Impacted by the global slowdown and rising inflation for several months, India is expected to see its GDP growth at 6.5-7.1% in the financial year 2022-23 (April 2022 to March 2023). In FY22, India's GDP had grown by 8.7%.

According to the latest report by Deloitte India, inflation remains the main pressing issue in front of policymakers. India's headline inflation has risen by 1.9 percentage points since April 2022. It remains above the Reserve Bank of India's (RBI) tolerance range of 4 (+/-2)% over the past 9 months. However, despite downward revisions, India is expected to remain the world's fastest-growing economy in FY23.

Projections by Deloitte India are in line with estimates of global agencies like Moody's and IMF. The US-based global ratings agency Moody's Investors Service this month lowered India's growth projections to 7% from 7.7% earlier due to the weak rupee and high oil prices. International Monetary Fund (IMF) also cut India’s GDP growth forecast for 2022 by 1.4 percentage points since April to 6.8% on a weaker-than-expected recovery in the second quarter and subdued external demand.

The Deloitte India report, meanwhile, says the situation could worsen globally in a few months from now, including in India. The country's import bills are on the rise due to the runaway dollar, and global slowdown and recession fears in some of the advanced economies will put immense pressure on policymakers.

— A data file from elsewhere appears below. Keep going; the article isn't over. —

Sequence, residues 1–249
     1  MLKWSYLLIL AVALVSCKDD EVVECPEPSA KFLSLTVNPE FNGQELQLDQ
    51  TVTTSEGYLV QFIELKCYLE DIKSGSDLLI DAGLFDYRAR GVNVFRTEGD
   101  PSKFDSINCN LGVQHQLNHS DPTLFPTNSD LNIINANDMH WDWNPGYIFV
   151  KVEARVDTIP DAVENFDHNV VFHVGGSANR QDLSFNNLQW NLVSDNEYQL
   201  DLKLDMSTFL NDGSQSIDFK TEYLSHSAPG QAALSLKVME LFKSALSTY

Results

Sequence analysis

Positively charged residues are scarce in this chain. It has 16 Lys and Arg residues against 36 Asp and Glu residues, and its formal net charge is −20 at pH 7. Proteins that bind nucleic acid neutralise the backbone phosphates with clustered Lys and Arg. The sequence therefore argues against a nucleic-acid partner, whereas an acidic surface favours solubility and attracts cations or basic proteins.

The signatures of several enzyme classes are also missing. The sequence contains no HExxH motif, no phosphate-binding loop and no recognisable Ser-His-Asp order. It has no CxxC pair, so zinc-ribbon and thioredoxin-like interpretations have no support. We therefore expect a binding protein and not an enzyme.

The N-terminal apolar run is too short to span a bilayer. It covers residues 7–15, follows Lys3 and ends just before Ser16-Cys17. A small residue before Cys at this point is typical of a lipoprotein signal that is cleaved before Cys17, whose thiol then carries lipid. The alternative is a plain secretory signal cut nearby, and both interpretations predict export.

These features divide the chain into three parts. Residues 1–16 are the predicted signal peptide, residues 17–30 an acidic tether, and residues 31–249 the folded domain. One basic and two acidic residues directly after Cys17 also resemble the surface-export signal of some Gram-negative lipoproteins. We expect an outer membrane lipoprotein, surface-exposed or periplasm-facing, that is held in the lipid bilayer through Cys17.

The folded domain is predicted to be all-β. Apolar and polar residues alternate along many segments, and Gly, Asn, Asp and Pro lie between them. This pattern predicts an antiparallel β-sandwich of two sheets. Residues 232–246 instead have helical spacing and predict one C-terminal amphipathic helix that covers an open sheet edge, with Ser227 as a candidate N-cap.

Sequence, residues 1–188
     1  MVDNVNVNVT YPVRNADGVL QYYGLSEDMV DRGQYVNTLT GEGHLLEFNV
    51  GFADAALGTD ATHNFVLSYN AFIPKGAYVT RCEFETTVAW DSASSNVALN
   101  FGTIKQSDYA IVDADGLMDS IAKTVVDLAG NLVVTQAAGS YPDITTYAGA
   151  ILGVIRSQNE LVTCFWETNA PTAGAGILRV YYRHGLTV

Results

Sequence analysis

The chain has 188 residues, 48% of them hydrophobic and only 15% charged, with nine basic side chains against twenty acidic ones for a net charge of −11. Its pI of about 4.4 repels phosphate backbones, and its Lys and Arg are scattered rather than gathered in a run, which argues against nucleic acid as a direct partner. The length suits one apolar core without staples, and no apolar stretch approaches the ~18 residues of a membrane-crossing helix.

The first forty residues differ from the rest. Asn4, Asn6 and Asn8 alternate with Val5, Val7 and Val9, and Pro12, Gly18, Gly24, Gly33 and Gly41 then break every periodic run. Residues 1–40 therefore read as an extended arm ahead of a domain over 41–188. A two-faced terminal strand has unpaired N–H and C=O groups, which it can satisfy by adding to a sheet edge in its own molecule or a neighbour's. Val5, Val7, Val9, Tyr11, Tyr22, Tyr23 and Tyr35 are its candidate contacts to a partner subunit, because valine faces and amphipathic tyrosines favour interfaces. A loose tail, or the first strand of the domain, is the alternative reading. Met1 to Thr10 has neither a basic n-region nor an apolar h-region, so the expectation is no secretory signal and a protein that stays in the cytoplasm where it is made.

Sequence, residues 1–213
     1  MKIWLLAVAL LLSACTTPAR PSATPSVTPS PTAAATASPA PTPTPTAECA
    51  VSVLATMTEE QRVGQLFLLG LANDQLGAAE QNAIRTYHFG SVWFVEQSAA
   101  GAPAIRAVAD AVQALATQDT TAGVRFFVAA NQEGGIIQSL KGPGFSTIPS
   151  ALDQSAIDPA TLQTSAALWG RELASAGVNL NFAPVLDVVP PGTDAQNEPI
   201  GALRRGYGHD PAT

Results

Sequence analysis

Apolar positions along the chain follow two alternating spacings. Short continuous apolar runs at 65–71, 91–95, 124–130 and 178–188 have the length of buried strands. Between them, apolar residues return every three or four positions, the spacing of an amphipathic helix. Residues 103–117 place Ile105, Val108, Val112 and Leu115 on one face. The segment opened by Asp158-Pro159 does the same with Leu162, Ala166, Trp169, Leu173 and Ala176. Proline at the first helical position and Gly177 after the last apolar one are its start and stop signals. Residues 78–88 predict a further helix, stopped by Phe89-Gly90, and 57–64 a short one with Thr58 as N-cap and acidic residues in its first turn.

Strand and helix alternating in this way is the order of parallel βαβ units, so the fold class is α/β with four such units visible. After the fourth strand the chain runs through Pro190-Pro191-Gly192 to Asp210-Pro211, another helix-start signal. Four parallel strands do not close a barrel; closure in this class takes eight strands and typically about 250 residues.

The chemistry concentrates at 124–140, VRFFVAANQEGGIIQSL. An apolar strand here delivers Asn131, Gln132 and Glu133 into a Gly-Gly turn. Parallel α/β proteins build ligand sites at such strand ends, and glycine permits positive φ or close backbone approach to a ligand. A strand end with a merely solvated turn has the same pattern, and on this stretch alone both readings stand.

“The seemingly unending saga of global economic uncertainties has begun to negatively impact India’s main drivers of growth. So volatile is the current economic environment that if one is looking for certainties from the recent data releases, it is unlikely that a consistent outlook will emerge,” says the Deloitte India report.

For FY24, the consulting firm says the country's GDP growth could remain at 5.5-6.1% if economic fundamentals show some improvement on both country and global levels. “Sustained demand growth may be the most-awaited cue for a sustained push for investment. Exports and government spending may not support growth as much owing to moderating global demand and limited resources at disposal, respectively,” said Rumki Majumdar, economist, Deloitte India.

Another major global financial institution Morgan Stanley has, meanwhile, said India will become the third-largest economy by 2027 after the US and China on the back of favourable domestic policies and a focus on boosting investment and jobs. This will propel its GDP from $3.4 trillion currently to $8.5 trillion over the next decade, it said in its report this month.

As compared to China, though India's economy stands where China was in 2007, its working-age population is young -- India's median age is 11 years younger than China's -- and is expected to contribute to its GDP in the longer run. Also, the coming decade, projects Morgan Staley, will see the Indian economy growing at an average of 6.5% and China's at 3.6%. What's more advantageous, says Morgan Stanley, is that India is spending heavily on scaling its digital infrastructure, which includes initiatives like Aadhaar.

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